If I am right, then Abraham’s faith challenge was not his own inability, but his wife’s. Did he understand that? He must have. They knew how conception worked. The Bible tells us many times something to the effect of so-and-so lay with her, and she conceived. Abraham knew he could produce kids. And he knew Sarah couldn’t. And yet he stuck with her until the end. He was open to the surrogacy solution, and appeared to believe that that was part of God’s plan until told differently. He thought it was funny when it became clear that his wife would finally conceive. Isaac, meaning laughter, would be identified with this act of heavenly humor forever. It was funny, but he went for it, lying with his long-time committed spouse at least one more time.

While many of the challenges to our fulfilling God’s will are due to our own weaknesses, struggles, and so on, we often find ourselves, like Abraham, frustrated by issues arising from others. Being confronted by actual enemies is one thing, but being constrained by those closest to us is another. How many people have started off on some Great Adventure and have been thwarted in pursuing what are clearly God-given goals, hitting a rock wall because of a loved one? Household obligations may dictate holding off on all sorts of noble, inspired objectives.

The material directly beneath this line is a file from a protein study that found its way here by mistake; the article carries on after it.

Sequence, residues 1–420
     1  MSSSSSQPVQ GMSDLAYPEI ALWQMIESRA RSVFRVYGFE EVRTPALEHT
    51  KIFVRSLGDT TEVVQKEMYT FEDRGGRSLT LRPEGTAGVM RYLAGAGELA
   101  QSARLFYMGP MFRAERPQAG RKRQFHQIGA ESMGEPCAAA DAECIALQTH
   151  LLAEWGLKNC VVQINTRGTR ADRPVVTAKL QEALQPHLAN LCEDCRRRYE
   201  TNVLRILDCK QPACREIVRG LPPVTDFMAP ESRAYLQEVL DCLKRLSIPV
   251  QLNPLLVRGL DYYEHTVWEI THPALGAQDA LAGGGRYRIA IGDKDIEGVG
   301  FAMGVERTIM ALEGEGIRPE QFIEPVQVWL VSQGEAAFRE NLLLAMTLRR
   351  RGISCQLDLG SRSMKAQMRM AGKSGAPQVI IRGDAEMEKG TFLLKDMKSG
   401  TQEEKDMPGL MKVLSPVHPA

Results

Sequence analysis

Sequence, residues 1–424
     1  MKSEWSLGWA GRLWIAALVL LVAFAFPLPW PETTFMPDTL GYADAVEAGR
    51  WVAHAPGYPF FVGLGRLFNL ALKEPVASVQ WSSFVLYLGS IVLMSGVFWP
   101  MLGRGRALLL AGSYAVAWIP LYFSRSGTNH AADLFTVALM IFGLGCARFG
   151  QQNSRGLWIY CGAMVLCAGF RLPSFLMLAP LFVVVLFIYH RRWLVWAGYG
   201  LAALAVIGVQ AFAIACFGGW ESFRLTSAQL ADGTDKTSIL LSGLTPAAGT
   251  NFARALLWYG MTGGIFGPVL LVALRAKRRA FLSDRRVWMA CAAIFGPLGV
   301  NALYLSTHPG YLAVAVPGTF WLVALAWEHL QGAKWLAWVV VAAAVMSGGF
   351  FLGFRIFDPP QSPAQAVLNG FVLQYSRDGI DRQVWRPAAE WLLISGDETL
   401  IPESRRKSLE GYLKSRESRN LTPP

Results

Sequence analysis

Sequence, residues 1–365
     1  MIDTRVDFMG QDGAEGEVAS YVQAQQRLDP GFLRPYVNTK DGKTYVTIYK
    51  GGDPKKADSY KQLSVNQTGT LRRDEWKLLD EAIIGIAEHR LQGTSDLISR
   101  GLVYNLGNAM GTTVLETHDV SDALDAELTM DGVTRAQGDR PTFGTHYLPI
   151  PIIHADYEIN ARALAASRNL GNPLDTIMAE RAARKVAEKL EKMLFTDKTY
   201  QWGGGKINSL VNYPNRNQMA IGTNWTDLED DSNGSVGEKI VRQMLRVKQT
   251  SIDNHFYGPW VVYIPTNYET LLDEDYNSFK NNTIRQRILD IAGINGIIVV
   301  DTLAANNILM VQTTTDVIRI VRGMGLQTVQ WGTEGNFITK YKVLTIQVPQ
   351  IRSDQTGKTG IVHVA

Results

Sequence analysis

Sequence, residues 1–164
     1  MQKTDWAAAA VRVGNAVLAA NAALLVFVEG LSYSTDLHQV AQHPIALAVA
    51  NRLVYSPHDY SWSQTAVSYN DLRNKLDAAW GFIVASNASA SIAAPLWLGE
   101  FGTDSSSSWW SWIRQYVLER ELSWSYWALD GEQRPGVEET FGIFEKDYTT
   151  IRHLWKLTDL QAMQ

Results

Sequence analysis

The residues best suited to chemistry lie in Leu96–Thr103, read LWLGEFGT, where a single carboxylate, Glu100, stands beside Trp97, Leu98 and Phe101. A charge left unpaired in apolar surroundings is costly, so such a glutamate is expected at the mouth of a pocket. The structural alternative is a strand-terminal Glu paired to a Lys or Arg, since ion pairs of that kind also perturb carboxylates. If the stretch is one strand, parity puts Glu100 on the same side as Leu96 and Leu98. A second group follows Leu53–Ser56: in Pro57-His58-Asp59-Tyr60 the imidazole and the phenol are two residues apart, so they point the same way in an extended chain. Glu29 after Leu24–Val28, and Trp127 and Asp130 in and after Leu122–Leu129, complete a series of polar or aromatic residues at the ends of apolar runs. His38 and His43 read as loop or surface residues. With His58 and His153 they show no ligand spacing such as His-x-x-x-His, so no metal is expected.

Abraham’s willingness to alleviate his situation only stemmed as far as surrogacy within the confines of his understanding of the cultural norms of the day. But that didn’t resolve the matter. Note that he never took a second wife. Maybe God kept him from that temptation by taking him to a hostile, alien land. We don’t know. What we do know is that God wasn’t put off by the length of time or Sarah’s infertility and that Abraham was willing to cooperate with the details of God’s plan as they were revealed to him.

There may be times when we unnecessarily accept obstacles to God’s plans for our lives. We may assume a false sense of responsibility towards family, friends, or business. We may have misguided financial expectations. But at other times, we need to resist skirting God-given limitations, trusting he knows what he is doing and will bring to pass whatever he wants in his time and in his way.

Some time later, God would say to Isaac, concerning his dad: “Abraham obeyed my voice and kept my charge, my commandments, my statutes, and my laws” (Bereshit/Genesis 26:5). The exemplary nature of Abraham’s faith is not confined to a few highlighted moments, but includes a lifestyle, imperfect though it was, loyal to God. This is no less found in his faithfulness to Sarah in spite of her insufficiency. He knew that the God who called him to be a great nation had also determined that marriage be permanent. He accepted the challenge and became the father of all who truly believe.

Scriptures taken from the English Standard Version